- Government criticised by senior managers following major pension rules announcement
- Changes labelled as ‘crazy and unjust’ and ‘grossly unfair’
- Calls made to increase flexibility beyond senior doctors
The government has been accused by senior NHS figures of treating managers unfairly after confirming pension changes would not apply to them.
Ministers were facing a growing backlash today over the pensions changes which are designed to stop doctors refusing extra shifts to avoid large tax bills.
Proposals announced today will allow senior doctors to set their own pension contributions alongside a review into how tax rules are impacting clinicians.
The Department of Health and Social Care confirmed non-clinical managers will not be included in the changes.
In response to criticism from senior nurses, the DHSC clarified that the consultation affects senior clinicians - including nurses.
Reactions to the news from senior managers have been critical of the government’s “divisive” approach.
Mark Brandreth, chief executive of the Robert Jones and Agnes Hunt Orthopaedic Hospital, said on Twitter: “I have never felt like more of a second-class NHS citizen. An employee of 26 years treated disrespectfully by our political class.
“My tax is all paid PAYE, and yet I have over £100,000k worth of a bill.”
Neil Pease, director of workforce at University Hospital of Derby and Burton Foundation Trust, tweeted: “Any reforms must apply to all staff not just one group. I’m sure medical colleagues and the BMA would equally not want such a division.”
Dean Royles, former chief executive of NHS Employers described the move as an ”opportunity missed not to apply the flexibility to all NHS staff not just senior clinical staff.”
Sarah Jane-Marsh, chief executive of Birmingham Women’s and Children’s Foundation Trust,: said: ”My chairman is a doctor and will be outraged by anything thats “unfair” to nurses, scientists, managers.”
Catherine Pelley, chief nurse at Homerton University Hospital NHS Foundation Trust said: ”The pension issue is not just a [doctor] issue. This is affecting senior nurses and many managers supporting their medical colleagues.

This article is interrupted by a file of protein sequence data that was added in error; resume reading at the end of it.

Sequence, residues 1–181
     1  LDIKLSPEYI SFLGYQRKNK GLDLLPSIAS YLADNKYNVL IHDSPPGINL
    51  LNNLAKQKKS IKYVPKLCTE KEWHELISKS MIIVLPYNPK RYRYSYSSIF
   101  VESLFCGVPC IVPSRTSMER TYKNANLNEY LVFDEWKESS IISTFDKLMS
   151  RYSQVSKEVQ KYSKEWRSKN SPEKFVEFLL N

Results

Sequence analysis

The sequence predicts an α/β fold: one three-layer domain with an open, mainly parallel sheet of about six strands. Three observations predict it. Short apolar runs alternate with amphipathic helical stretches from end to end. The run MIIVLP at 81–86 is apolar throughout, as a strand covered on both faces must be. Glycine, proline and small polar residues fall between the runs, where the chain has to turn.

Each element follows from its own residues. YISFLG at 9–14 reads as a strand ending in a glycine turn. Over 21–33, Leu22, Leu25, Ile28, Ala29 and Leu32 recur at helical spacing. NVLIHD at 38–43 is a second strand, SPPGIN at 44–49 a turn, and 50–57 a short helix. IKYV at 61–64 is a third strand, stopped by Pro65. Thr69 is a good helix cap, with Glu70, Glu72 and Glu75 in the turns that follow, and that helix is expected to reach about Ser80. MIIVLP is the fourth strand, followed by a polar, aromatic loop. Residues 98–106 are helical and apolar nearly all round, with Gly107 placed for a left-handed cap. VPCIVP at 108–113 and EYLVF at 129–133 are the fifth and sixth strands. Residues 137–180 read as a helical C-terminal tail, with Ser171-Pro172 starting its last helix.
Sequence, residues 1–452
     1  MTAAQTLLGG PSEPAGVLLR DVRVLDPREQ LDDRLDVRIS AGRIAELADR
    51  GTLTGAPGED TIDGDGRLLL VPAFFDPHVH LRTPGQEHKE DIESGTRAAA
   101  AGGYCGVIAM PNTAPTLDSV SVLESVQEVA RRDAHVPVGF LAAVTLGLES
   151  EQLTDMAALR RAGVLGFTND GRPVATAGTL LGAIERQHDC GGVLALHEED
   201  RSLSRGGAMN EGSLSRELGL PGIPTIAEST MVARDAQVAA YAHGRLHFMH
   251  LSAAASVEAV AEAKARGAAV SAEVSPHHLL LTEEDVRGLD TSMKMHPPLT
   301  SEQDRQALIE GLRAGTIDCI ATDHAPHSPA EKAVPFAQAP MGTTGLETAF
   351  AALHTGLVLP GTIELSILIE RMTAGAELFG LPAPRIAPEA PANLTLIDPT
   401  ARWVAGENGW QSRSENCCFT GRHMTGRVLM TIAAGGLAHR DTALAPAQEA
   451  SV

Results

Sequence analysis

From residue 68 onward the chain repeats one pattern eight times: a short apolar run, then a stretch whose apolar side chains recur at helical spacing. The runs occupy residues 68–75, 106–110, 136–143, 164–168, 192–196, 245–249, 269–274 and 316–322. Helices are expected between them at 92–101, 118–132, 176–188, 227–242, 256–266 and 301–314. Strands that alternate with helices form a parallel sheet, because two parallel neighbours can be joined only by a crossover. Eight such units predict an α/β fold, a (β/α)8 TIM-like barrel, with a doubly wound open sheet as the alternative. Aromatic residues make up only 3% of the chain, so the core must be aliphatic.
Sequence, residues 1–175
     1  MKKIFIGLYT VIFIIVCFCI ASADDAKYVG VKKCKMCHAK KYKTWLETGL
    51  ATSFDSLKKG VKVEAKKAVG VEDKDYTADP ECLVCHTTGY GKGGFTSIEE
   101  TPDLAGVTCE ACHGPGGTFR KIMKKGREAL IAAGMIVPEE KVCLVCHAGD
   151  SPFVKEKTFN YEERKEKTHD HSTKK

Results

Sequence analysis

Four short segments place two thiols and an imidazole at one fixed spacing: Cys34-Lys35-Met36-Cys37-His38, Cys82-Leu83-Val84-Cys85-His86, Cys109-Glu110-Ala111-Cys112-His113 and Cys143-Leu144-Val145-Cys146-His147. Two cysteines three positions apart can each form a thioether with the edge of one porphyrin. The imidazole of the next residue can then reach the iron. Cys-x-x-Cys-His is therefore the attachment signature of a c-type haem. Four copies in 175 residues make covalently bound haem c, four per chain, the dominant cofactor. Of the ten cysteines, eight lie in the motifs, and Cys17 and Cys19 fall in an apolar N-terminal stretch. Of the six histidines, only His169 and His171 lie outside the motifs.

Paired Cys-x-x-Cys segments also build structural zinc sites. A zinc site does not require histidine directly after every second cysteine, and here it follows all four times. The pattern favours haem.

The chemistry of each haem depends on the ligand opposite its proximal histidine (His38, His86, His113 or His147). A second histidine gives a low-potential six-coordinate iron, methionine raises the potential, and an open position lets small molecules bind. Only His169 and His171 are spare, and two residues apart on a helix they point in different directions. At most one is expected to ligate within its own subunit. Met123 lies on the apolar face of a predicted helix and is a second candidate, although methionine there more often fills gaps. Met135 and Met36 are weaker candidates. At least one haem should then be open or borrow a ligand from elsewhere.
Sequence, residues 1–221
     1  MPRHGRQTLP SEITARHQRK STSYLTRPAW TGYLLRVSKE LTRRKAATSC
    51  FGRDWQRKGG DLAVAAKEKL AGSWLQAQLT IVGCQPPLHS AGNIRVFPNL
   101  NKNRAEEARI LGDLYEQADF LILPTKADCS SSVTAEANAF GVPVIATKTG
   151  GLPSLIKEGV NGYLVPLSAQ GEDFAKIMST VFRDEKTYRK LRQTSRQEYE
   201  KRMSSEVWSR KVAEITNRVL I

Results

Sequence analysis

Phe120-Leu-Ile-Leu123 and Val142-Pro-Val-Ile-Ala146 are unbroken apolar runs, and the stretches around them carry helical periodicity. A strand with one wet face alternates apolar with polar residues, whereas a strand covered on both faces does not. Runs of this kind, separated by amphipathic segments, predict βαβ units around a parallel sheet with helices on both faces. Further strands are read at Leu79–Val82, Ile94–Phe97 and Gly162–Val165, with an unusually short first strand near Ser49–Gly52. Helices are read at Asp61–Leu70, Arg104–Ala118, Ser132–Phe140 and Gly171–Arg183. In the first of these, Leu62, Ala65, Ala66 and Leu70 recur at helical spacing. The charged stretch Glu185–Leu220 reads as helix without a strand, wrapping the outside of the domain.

“Only solving the issue for one part of the NHS is divisive.”
Consultant orthopaedic surgeon Stephen Duckett said: “[The new rules are] crazy and unjust. Need to treat clinical and non-clinical senior staff equitably.”
Several unions, thinktanks and lobby organisations also joined in the criticism of the government’s approach.
Chris Hopson, NHS Providers’ chief executive, welcomed the announcement adding: “It’s important that government recognises these issues don’t just affect doctors – nurses and managers are impacted too, and any solution must cover them.”
Danny Mortimer, NHS Confederation’s deputy chief executive, also supported the launch of more flexibility for members of the NHS Pension Scheme but said the Confed and NHS Employers would “continue to make the case” for flexibilities to include everyone.
Siva Anandaciva, chief analyst at The King’s Fund, highlighted that health service managers have been “left out” of the plans amid high vacancy rates in various board roles.
He added: “In addition to the pension changes, solving the NHS workforce crisis will require a raft of measures, including financial incentives to attract more nurses, and ramped-up international recruitment to plug the immediate shortfall.”
Sara Gorton, head of health at union group Unison, said: “Introducing measures to help only a small proportion of the millions of active NHS scheme members looks alarmingly like the beginning of a ‘clinicians-first’ approach to the pensions strategy.
“At the other end of the pay scale, thousands of low-paid staff leave the scheme because they struggle to afford the payments.
“The government should also be paying similar attention to this problem and introduce flexibility to give staff on far lower earnings a more comfortable retirement.”
Information supplied to HSJ